Holiday sewing

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Ten days on holiday in the UK meant one thing for my hobby: the chance for some serious sewing time. It would clearly rain solidly for the whole time we were in Wales, so I would have lots of lovely time to sew.

And then what happened? Gorgeous weather throughout, with lots of wonderful time on the beach, glorious days spent outside and very little sewing time. I know, a disaster!

My rain-dancing, negotiations and bargains with the weather gods finally gave me one solid day with my sewing machine and overlocker, while my family drifted off to do other grey-day activities. I spent the time getting to grips with my first Burda pattern.rbqnjnrrqjs8vwb1vncvxa.jpg

Taken from the 4/2019 edition of Burda Style ‘shirt 108A’ was described as super easy, and in fairness that was a reasonable description. It’s a boxy cut, very loose fitting top with off-shoulder set-in sleeves. I thought it would be a simple but effective style in a drapey fabric – and that making the same top in a range of different fabrics would be a really interesting holiday project.

I took about 10 fabric choices with me but only managed to make up two of them, for the reasons explored above. Curse those weather gods with their glorious sunny days. As designed, the pattern has 3 main pieces – one front, one back and one sleeve piece cut twice. I traced them all as whole pieces rather than on the fold. The finish uses bias binding at the neck, so there’s a separate piece for that which you can also cut out.

As someone more used to sewing indie patterns than even the big four, the brevity of the instructions was quite a jolt. No step by step guidance with photos – not even a line drawing to help you along your way. I read them through, made as much sense of them as I could, and then largely ignored them. There wasn’t much to ignore after all, and if I couldn’t construct such a basic top by now, there wasn’t really much hope for me.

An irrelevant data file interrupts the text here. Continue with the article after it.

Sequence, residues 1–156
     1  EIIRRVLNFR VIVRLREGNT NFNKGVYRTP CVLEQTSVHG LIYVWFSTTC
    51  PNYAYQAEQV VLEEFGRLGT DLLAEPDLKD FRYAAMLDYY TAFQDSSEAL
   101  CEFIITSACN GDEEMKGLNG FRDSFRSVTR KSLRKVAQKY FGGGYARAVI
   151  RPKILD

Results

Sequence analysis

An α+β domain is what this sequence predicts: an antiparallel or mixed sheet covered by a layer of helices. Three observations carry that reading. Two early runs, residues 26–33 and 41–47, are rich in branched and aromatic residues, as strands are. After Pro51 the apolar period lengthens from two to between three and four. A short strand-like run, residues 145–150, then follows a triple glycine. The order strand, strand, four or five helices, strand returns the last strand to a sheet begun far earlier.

For top #1, I used a drapey hot pink fabric that has been in my stash for approximately forever. I bought it just after I realised that sewing was the Best Thing Ever, and it was cheap and drapey in a great shade from somewhere online. It then sat at the bottom of my sewing stash as I remembered that I don’t usually wear hot pink. Time then for a change.

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Obligatory arms spread wide to show the dimensions of the top pose – why do I always do this?

I started by making a few thousand metres of bias binding. I’m one of those odd people who quite likes making binding, so when I need a little, I tend to make quite a lot and use it for other purposes. I had brought my binding maker with me, but not my cutting board or rotary cutter so my strips weren’t the most accurate, but it all worked OK.

Construction was, as you might imagine, pretty straightforward – shoulders, neckline, sleeves, sides, hem. The sleeves were double-thickness, giving them a nice weight that gave a little shaping that contrasted with the hang of the main body.

IMG_1203Putting it on, I liked it a lot. A simple but effective top, just as I’d hoped. The pink wasn’t too much for me – at least not with jeans. In fact the only thing I decided to change for top #2 was the neckline binding – swapping it out for facings instead. Whilst I dislike flappy facings, I prefer the clean neckline that they give as long as they’re well-stitched down. I traced off the top of the front and back sections with some greaseproof paper (hadn’t brought my dots-and-crosses paper with me) and went ahead with the second top.